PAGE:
This article appeared in the November 30, 2023 edition of The Film Comment Letter, our free weekly newsletter featuring original film criticism and writingSign up for the Letter here.

The Zone of Interest (Brian Glazer, 2023)

In The Zone of Interest, the home of Rudolf and Hedwig Höss is alive with sensory activity. The family’s dog plays with the children, and barks in response to the snarls of prison dogs on the other side of the wall. The flowers bloom thanks to Hedwig’s diligent labors in the garden, and breathe in heavy, ashen air. The baby cries—in delight or horror? What the family senses around them and how they sense it are ambiguous. Living outwardly blissful lives in a house that shares a boundary with Auschwitz, do they see the plumes of smoke that streak their skies with gray? Do they perceive the infernal glow that casts their bedroom in an orange blaze? Do they hear the gunshots that ricochet several times per hour, meters away from them as they cook, clean, and throw parties in their backyard?

Writer-director Jonathan Glazer interrogates the Hösses’ domestic lives and their perceptions like an engineer troubleshooting the sensors on a faulty fire alarm. Although his subjects are historical—Rudolf and Hedwig Höss (played here by Christian Friedel and Sandra Hüller, respectively) really lived on the outer perimeter of the concentration camp at Auschwitz, with Rudolf the top commandant in charge—he trains a modern gaze on them, deploying visual and sonic technologies picked from a 21st-century arsenal. During filming, Glazer and cinematographer Łukasz Żal placed several cameras in the set, modeled down to the inch as a replica of the Hösses’ actual home. They coordinated the cameras with a system of cables, relying on focus-pullers working remotely from the basement, and captured scenes in multiple locations throughout the house in simultaneous, uninterrupted takes.

Adding to this strategy of alienation, the film’s soundtrack and visual footage were developed separately—sound designer Johnnie Burn called them “film one” and “film two”—and were merged only at the end, so that each could not influence the other. Consequently, despite its intimate access to the home’s interior, the eye of the camera feels eerie and inhospitable. Small acts of resistance punctuate the clinical vision of quotidian complicity captured by these lenses: we see several scenes in which a young Polish girl infiltrates the camp to hide apples for prison laborers to find. Glazer refrains from giving her gestures heightened narrative status. Instead, he shoots her nighttime escapades with an infrared camera. Through that lens, we see her the way border monitors today see undocumented migrants: as balls of heat passing through restricted areas.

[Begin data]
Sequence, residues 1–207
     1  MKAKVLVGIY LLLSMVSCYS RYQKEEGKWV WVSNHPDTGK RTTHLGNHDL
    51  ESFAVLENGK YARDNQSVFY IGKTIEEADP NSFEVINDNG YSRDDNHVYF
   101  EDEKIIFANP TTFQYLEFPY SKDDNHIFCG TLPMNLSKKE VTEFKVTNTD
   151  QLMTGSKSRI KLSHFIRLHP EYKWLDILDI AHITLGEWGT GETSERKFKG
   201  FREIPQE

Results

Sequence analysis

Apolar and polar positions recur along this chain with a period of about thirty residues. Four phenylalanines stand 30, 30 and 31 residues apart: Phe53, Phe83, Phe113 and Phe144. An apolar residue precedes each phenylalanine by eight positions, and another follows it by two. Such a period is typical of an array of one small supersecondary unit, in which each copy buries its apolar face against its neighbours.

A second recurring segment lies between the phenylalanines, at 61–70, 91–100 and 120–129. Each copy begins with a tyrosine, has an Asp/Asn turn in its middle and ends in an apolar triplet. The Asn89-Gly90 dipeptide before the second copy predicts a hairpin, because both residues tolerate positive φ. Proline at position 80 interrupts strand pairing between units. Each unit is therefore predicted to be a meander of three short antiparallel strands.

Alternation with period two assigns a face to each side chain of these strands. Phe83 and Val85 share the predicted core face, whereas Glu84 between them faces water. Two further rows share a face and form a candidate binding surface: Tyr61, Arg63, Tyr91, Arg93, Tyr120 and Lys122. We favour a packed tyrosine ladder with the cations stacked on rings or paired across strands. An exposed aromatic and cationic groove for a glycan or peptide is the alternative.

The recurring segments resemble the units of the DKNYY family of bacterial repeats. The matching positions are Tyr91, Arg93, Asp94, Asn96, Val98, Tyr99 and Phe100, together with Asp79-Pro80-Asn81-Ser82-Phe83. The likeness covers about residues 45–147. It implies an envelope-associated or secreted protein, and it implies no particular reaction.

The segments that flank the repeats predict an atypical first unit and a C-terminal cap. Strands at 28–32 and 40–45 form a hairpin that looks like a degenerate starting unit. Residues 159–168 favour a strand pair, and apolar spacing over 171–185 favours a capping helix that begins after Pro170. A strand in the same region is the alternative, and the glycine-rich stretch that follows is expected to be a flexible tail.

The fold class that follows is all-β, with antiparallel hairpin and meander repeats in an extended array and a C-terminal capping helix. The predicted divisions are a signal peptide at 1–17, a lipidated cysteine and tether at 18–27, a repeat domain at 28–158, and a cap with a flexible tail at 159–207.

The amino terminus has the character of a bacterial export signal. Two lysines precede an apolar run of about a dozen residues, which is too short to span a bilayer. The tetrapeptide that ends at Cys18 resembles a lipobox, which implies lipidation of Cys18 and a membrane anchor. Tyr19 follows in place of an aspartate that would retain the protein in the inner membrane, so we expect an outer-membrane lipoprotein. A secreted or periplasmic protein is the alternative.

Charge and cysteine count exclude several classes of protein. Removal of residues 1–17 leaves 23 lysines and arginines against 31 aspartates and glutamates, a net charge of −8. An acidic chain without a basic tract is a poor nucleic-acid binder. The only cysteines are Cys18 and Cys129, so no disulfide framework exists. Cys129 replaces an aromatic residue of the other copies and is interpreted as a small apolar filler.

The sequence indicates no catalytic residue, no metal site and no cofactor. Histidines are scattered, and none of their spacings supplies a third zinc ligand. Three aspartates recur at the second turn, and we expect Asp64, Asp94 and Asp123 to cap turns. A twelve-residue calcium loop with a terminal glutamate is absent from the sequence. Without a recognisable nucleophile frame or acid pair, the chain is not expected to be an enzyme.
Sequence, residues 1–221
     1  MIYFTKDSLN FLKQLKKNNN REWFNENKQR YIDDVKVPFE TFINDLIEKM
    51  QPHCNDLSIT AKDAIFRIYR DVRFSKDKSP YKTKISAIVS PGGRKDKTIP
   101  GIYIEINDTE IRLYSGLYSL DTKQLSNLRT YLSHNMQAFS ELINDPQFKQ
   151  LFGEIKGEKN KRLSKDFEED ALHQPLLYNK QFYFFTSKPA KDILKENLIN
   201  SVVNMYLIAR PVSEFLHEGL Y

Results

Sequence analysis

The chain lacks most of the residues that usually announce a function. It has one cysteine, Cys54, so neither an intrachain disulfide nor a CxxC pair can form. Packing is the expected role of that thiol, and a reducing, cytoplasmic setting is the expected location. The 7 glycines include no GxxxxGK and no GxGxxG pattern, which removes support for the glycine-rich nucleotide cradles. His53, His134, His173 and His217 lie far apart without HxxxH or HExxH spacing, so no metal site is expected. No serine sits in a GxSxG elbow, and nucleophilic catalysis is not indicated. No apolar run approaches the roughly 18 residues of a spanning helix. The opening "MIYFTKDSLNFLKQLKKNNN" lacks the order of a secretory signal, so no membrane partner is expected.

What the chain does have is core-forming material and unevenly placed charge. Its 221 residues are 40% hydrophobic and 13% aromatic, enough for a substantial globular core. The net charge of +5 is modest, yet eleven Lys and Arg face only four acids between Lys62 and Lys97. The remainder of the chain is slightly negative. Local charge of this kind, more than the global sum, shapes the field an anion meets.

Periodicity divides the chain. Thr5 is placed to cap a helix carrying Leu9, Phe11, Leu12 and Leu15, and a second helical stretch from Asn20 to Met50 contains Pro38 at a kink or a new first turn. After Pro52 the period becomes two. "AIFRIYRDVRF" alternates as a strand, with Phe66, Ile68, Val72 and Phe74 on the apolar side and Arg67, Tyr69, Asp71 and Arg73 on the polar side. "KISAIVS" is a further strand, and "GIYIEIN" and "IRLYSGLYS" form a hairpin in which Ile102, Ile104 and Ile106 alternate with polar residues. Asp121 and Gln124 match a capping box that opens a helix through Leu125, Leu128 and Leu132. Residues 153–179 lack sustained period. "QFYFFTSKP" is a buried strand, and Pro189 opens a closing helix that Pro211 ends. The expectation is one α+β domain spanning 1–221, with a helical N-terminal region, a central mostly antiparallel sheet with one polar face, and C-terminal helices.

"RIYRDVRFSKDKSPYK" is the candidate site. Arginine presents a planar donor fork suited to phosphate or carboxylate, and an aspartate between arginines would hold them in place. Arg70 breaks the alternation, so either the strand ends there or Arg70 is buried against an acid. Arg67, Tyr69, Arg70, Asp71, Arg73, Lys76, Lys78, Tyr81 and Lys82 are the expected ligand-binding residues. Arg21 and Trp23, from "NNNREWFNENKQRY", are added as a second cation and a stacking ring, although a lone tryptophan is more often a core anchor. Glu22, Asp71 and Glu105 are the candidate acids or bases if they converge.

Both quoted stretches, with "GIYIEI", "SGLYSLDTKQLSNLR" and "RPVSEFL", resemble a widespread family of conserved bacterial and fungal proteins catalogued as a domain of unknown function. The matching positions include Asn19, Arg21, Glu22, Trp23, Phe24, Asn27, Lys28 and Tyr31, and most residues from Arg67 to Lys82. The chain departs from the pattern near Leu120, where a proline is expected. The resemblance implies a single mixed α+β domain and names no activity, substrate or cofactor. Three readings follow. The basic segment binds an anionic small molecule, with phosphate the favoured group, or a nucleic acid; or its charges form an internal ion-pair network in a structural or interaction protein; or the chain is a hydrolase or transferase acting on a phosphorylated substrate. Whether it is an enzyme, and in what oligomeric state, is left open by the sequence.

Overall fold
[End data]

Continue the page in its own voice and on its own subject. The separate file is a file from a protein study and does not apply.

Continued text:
The Hösses’ bourgeois lives have fed narrative interest before, notably in Martin Amis’s 2014 novel of the same title (of which this film is a loose adaptation), and the 2008 drama The Boy in the Striped Pajamas, which contorted historical facts to glorify values of compassion and friendship. In the landscape of Holocaust films, The Zone of Interest is neither a tearjerker seeking to inspire lofty feelings of universalism (as could be said of Schindler’s List and Life is Beautiful) nor a self-consciously courageous confrontation with the facts (as could be said of Night and Fog and Son of Saul). Glazer’s film sidesteps long-standing debates over the unrepresentability of the event, probing instead how people might have perceived these horrors as they took place.

The film takes no great interest in the psychology of the protagonists, their moral culpability, their exemplification of the banality of evil, or the other myriad bafflements that have stumped legal jurists, historians, and philosophers for the greater part of the past century. Instead it asks how a middle-class German couple’s perception of the violence unfolding before their eyes, ears, noses, and hands came to be configured in a specific, monstrous way—a question that turns its attention from the individual in a vacuum to the individual as embedded within a larger social (and physical) architecture. Rather than wondering about isolated people who choose to be cruel and those who choose to be humane, The Zone of Interest conducts an inquiry into our selective experience of sensory data and the ethical implications of that selection.